[Lldb-commits] [PATCH] D27632: Add Formatv() versions of all our printf style formatting functions

Zachary Turner via lldb-commits lldb-commits at lists.llvm.org
Sat Dec 10 10:09:29 PST 2016

To elaborate about member function vs format provider, decoupling types
from the way they're formatted seems like a good design practice in
general.  For example, you might want to add support for formatting a class
which you don't have the code to.  Sure, you can do it one way whenever
possible and another way whenever it's not possible, but since tight
coupling leads to more fragile code as a general rule, it seems better to
prefer the loose coupling whenever possible.

On the other hand, there are certain times when you *must* use a
member-based formatter.  For example, when something already has a
formatter defined for it (either via member syntax or format_provider
specialization) and you want to change the behavior.  A good example of
this is the `fmt_repeat` adaptor I use in this patch.  int already has a
formatter defined for it, so if we want to repeat an int 10 times, we have
no way to do that.  So we define a class `fmt_repeat` and give that a
format member function, then instead of saying formatv("{0}", 7) we say
formatv("{0}", fmt_repeat(7, 10));

Another point regarding F and D styles vs F.GetFilename() and
F.GetDirectory().  One of the original design goals was brevity, because
usually brevity helps readability.  To that end, I find

formatv("Dir: {0:D}, File: {0:F}", F);

more readable than

formatv("Dir: {0}, File: {1}, F.GetDirectory(), F.GetFilename());

There's another, more subtle, advantage though.  If you just use
GetFilename() and GetDirectory(), then what do you print if the string is
empty?  Here we've got a simple string, no different from any other string,
and an empty string is perfectly normal.  With specific types such as
FileSpec, you know more about where that string came from, so you can make
better decisions about how you want to handle the empty case (this argument
applies to anything, not just strings, btw).  So now you either have to
modify the core string formatter so that you can do something like this to
specify an "empty" value:

formatv("Dir: {0:(empty)}, File: {1:(empty)}", File.GetDirectory(), File.

or, even worse, you have to do this:

formatv("Dir: {0}, File: {1}, File.GetFilename().IsEmpty() ? "(empty)" :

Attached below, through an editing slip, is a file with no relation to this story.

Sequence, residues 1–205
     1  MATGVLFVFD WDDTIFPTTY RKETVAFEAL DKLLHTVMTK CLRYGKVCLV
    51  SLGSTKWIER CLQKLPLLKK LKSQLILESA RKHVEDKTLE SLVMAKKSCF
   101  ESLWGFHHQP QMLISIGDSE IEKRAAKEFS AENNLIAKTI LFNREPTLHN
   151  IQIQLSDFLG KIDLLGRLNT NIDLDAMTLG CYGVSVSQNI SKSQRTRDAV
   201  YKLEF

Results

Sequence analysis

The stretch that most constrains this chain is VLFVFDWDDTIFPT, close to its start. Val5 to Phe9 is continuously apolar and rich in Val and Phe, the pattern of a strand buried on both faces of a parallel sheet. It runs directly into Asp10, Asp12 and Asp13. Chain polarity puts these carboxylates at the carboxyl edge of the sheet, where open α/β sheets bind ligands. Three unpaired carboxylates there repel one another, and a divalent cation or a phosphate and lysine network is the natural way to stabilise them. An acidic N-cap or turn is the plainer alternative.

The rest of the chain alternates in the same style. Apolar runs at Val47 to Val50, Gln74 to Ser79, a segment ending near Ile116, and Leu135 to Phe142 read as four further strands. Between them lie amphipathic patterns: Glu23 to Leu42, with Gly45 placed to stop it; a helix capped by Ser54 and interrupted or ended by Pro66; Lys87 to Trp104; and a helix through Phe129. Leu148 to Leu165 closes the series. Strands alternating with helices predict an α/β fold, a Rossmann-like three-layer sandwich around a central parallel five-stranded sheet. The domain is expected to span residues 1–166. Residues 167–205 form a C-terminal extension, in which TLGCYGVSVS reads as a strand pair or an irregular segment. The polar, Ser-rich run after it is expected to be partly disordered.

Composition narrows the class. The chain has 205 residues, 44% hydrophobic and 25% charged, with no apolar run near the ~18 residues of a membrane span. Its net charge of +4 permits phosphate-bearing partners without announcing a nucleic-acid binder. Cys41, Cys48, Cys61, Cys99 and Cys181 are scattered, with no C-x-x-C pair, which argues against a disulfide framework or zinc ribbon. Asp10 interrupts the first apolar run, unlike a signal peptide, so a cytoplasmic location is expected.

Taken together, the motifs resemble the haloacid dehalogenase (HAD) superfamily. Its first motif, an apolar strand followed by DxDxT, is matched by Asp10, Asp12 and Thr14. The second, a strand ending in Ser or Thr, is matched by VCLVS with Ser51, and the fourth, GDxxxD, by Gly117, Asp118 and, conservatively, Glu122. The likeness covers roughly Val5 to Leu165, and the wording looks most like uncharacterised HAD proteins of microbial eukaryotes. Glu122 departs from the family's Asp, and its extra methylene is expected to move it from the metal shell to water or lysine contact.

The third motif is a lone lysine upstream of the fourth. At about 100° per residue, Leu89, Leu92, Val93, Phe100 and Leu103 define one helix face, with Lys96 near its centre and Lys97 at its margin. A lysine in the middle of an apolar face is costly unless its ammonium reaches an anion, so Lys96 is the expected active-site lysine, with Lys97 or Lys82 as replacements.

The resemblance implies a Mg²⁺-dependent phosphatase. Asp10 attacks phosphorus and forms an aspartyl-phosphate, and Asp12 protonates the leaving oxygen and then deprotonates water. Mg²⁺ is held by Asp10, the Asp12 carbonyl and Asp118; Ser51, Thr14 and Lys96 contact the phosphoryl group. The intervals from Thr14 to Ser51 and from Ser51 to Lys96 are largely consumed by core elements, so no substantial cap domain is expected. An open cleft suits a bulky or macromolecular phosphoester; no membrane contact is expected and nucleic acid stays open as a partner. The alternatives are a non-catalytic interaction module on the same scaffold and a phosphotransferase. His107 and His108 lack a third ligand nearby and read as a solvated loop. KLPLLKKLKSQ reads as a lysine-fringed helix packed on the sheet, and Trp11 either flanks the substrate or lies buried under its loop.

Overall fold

File.GetFilename(), F.GetDirectory().IsEmpty() ? "(empty)" :

both are getting further and further away from the very simple and easy to

formatv("Dir: {0:D}, File: {0:F}", F);

and both increase the possibility for errors and inconsistencies throughout
the code whereas with the F and D styles, you guarantee that every time you
ever print a FileSpec, it's always going to be consistent (of course, we
could add an override mechanism to the FileSpec formatter as well if it
were *really* necessary, but it seems best to try to avoid it as much as

On Sat, Dec 10, 2016 at 4:51 AM Zachary Turner <zturner at google.com> wrote:

> I would say format provider should be the default way to add formatting
> for a commonly formatted type. Member function syntax is used to implement
> adaptors that allow you to override formatting behavior of a type that
> already has a provider.
> One nice thing about F and D would be this:
> formatv("Dir: {0:D}, File: {0:F}", F):
> Here you only pass the argument once, but format it differently each time.
> You do have a point about not getting a compiler error. In the future i had
> planned to add compile time format string checking but it's a ways out. For
> now we assert and then fallback to the default case of an empty style.
> Also, i still haven't finished the Args stuff, so no risk of me going on a
> reformatting spree :)
> On Sat, Dec 10, 2016 at 1:03 AM Pavel Labath via Phabricator <
> reviews at reviews.llvm.org> wrote:
> labath added a comment.
> This looks like a step in the right direction. I trust you won't go on a
> reformatting spree of the log messages until we settle on the syntax there.
> ;)
> ================
> Comment at: include/lldb/Core/ModuleSpec.h:244
> +      strm.Format("object_mod_time = {0:x+}",
>                    uint64_t(llvm::sys::toTimeT(m_object_mod_time)));
>      }
> ----------------
> you can delete the `uint64_t` cast now. It was only there to make this
> portably printable.
> ================
> Comment at: include/lldb/Host/FileSpec.h:784
> +///
> +template <> struct format_provider<lldb_private::FileSpec> {
> +  static void format(const lldb_private::FileSpec &F, llvm::raw_ostream
> &Stream,
> ----------------
> I am wondering.. what is the preferred style for adding formatting
> capability. I sort of assumed that the `format_provider` thingy was
> reserved for cases where you had no control over the object being formatted
> (e.g. because it comes from a third party library), and that for cases like
> this we would use the member format function (or, to put it differently: if
> we're going to be using the `format_provider` everywhere, what's the point
> of having the member functions in the first place?).
> Also, my preference would be to not have the F and D styles for FileSpec.
> I think they are redundant, as we have FileSpec::GetFilename and
> FileSpec::GetDirectory, and also they are not compiler-enforced --
> `Formatv('{0}', fs.GetFilename())` is slightly longer than
> `Formatv('{0:F}', fs)`, but if I make a typo in the former one, it will be
> a compiler error, while the other one won't. I suppose it could be useful,
> if one wants to format say an array of FileSpecs using the array format
> syntax, but I'm not sure how often will someone want to do that *and*
> display only the filenames.
> I don't care strongly about any of these things, but I want to know what
> to expect.
> https://reviews.llvm.org/D27632
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